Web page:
"America is like a championship team that has hit a slump," according to former U.S. Senator and basketball Hall of Famer Bill Bradley.
In his latest book, We Can All Do Better, Bradley lays out a game plan designed to get America back in championship form. The book reads a bit like a campaign platform, featuring a number of policy prescriptions designed to revive the economy, although Bradley assures me he's not running for any political office.
"I wanted to write a book to restore hope," he says. "To remind people we've encountered difficult problems in the past...and we always managed to pull through. So be optimistic we'll do it this time."
Despite the highly partisan atmosphere in Washington, Bradley is even optimistic about our elected officials being able to work together to address America's seemingly intractable problems. "Don't count Congress out yet," he writes. "Good sense and true patriotism may well prevail." ('May' being the operative word, of course.)
Bradley's game plan includes reform of the political system itself, which he says is "much worse" today then it was when he declared politics were "broken" in 1995.
"It's much worse now because so much more money is involved," he says
For example, the financial, health care and energy industries spent a combined $570 million in 2009-10 lobbying against reforms targeting their respective sectors, he notes. With that kind of firepower arrayed against reforms, "it shouldn't be a surprise the financial reform bill was watered down, there was no public option in health care and no energy bill."
Like many Americans, Bradley rails against the Supreme Court's Citizens United decision, which opened the door for virtually unlimited spending by corporations on political campaigns. (See: Thanks To Citizens United, 'The Federal System Is Broken': Leo Hindery)
In addition, he cites Congressional redistricting that "rewards extremism" -- of both the left- and right-wing variety -- as a huge hindrance to political progress.
"We have to deal with the underlying issues of [redistricting] and the role of money in politics," he says.
Recipe for a 'Bright Future'
In terms of specific policies, "our future will be bright," he writes, if we take a number of common-sense measures, including:
Tax labor less and things more: Bradley has long advocated lowering overall tax rates while removing most loopholes that tend to benefit those who can afford the best accountants. He also supports a Value Added Tax, with some credits to reduce the burden on lower-income people, and lower corporate tax rates to make the U.S. more competitive on the international scene.
Massive infrastructure investment: Bradley proposes a $1.2 trillion, 5-year program to rebuild America's crumbling infrastructure, which will "get America back to work, strengthen our national security and stimulate economic growth." Citing a study by the New American Foundation, Bradley says the program will create over 5.5 million jobs per year "and leave behind a 70-year foundation for economic growth."
Investment in R&D and education so the American economy continues to lead and American workers can compete in a global economy. To boost employment in the near term, Bradley recommends a 2-year, $50 billion program whereby the government subsidizes 30% of the cost of new private sector hiring via tax breaks and other incentives.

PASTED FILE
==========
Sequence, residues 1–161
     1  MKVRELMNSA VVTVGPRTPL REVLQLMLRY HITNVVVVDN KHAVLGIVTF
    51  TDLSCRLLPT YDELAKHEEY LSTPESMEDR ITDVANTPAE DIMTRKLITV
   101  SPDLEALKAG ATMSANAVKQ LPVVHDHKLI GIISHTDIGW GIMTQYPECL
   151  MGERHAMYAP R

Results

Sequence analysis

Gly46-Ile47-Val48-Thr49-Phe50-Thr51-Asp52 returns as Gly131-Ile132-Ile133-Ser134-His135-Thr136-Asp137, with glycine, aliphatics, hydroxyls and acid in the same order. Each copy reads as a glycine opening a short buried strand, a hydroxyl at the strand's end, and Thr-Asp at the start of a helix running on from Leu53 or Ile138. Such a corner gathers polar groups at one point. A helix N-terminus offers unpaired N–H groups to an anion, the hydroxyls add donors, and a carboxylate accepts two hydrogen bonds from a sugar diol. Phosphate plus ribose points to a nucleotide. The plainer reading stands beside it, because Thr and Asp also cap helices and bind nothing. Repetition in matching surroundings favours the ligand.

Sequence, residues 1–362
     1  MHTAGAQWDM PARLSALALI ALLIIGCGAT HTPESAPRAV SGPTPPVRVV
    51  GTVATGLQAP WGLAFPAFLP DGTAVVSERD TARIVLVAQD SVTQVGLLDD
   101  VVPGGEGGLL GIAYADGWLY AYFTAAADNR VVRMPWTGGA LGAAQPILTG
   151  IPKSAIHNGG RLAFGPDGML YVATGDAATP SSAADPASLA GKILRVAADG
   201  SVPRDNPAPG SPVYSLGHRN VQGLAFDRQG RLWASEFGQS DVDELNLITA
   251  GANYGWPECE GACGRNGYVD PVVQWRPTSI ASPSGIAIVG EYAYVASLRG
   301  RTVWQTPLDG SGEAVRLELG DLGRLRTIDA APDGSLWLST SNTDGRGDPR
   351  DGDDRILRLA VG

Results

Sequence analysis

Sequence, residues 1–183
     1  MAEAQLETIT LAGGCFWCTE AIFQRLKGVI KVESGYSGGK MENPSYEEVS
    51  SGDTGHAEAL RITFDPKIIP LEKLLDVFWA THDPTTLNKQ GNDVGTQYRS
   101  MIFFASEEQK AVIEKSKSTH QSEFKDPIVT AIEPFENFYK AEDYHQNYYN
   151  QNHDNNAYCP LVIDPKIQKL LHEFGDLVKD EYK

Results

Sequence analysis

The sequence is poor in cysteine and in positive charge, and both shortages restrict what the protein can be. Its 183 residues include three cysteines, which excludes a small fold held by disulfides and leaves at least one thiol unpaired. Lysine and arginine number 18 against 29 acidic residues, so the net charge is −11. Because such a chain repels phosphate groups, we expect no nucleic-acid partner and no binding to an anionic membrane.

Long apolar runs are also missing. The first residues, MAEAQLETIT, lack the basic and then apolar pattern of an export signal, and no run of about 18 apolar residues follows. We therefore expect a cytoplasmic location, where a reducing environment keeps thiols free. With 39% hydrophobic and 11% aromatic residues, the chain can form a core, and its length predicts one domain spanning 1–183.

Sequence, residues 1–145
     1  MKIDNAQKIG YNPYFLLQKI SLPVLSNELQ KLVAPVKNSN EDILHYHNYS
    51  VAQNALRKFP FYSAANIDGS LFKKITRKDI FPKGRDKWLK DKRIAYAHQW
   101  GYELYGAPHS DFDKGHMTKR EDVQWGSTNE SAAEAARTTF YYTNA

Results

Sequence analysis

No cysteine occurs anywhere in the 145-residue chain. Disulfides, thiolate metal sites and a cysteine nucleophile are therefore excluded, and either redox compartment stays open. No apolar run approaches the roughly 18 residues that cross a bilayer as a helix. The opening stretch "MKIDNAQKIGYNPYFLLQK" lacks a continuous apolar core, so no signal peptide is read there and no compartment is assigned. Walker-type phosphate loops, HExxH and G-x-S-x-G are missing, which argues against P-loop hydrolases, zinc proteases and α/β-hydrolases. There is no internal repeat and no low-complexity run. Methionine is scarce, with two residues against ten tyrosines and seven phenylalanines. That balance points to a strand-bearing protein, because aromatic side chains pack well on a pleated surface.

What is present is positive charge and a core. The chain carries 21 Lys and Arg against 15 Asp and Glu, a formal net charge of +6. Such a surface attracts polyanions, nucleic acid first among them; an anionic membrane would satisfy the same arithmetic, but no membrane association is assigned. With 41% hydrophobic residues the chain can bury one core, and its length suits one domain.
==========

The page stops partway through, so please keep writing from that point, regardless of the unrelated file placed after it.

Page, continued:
Address the federal deficit via a combination of entitlement reform, spending cuts and tax reform. "We should first identify the spending cuts and then increase taxes to pay for the rest of the needed deficit reduction," he writes. "And pass both the cuts and the taxes in one integrated package, with no loopholes or earmarks or other gifts to members of the Washington club and their clients."
Power to the People. "Democracy is not a vicarious experience," Bradley says, urging Americans to be participants in our democracy, not spectators. "Absent that, you have monied interests controlling the process and the broad middle class in this country not getting what they deserve from the politics."
He lauds both the Tea Party and Occupy Wall Street for getting ordinary citizens involved but notes the former has had much more tangible success because of its focus on specific tactics, electing officials who support a small-government agenda. (Note: The accompanying video was taped prior to Tuesday night's primary vote in Indiana, where longtime GOP Sen. Richard Lugar was defeated by Treasurer Richard Mourdock, who had Tea Party support.)
Avoid lengthy foreign wars. When he ran for president in 2000, Bradley opposed U.S. intervention in Kosovo and advocated more reliance on U.N. peacekeepers when international conflicts break out. America's subsequent experiences in Afghanistan and Iraq seem to have only reinforced such views. "The results of military actions are unpredictable," he writes. ""Thinking of military intervention as a handy policy tool you can pull out when the time is right ignores the messiness of war and underestimates its potentially negative effects on our political objectives, not to mention the cost in lives and treasure."
Reverse Citizens United via a Constitutional amendment to enable states to limit corporate spending on political campaigns (see above).
Many of the elements above, notably the Bowles-Simpson plan, have been proposed and left to languish by the highly partisan nature of Washington today.
Still, Bradley remains optimistic about America's future, citing the "goodness" of the citizenry and the "flexibility" of our political institutions.
Let's hope he's right.